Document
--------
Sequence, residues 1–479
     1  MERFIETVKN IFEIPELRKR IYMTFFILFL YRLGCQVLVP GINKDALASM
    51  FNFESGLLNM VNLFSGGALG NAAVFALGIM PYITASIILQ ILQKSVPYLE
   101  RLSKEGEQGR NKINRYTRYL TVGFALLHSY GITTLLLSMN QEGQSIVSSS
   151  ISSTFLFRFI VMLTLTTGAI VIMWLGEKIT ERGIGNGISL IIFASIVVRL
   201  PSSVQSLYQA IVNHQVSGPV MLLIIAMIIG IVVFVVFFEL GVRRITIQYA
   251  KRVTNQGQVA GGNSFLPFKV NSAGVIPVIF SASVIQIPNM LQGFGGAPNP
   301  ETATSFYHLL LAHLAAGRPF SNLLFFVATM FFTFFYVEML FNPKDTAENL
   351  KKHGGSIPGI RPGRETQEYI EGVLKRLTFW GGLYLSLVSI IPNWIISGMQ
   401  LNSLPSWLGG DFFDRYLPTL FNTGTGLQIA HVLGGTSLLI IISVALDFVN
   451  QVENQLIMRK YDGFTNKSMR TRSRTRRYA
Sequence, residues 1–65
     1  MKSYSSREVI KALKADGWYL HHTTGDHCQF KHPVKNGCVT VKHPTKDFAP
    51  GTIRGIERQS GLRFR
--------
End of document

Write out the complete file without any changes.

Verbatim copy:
Sequence, residues 1–479
     1  MERFIETVKN IFEIPELRKR IYMTFFILFL YRLGCQVLVP GINKDALASM
    51  FNFESGLLNM VNLFSGGALG NAAVFALGIM PYITASIILQ ILQKSVPYLE
   101  RLSKEGEQGR NKINRYTRYL TVGFALLHSY GITTLLLSMN QEGQSIVSSS
   151  ISSTFLFRFI VMLTLTTGAI VIMWLGEKIT ERGIGNGISL IIFASIVVRL
   201  PSSVQSLYQA IVNHQVSGPV MLLIIAMIIG IVVFVVFFEL GVRRITIQYA
   251  KRVTNQGQVA GGNSFLPFKV NSAGVIPVIF SASVIQIPNM LQGFGGAPNP
   301  ETATSFYHLL LAHLAAGRPF SNLLFFVATM FFTFFYVEML FNPKDTAENL
   351  KKHGGSIPGI RPGRETQEYI EGVLKRLTFW GGLYLSLVSI IPNWIISGMQ
   401  LNSLPSWLGG DFFDRYLPTL FNTGTGLQIA HVLGGTSLLI IISVALDFVN
   451  QVENQLIMRK YDGFTNKSMR TRSRTRRYA
Sequence, residues 1–65
     1  MKSYSSREVI KALKADGWYL HHTTGDHCQF KHPVKNGCVT VKHPTKDFAP
    51  GTIRGIERQS GLRFR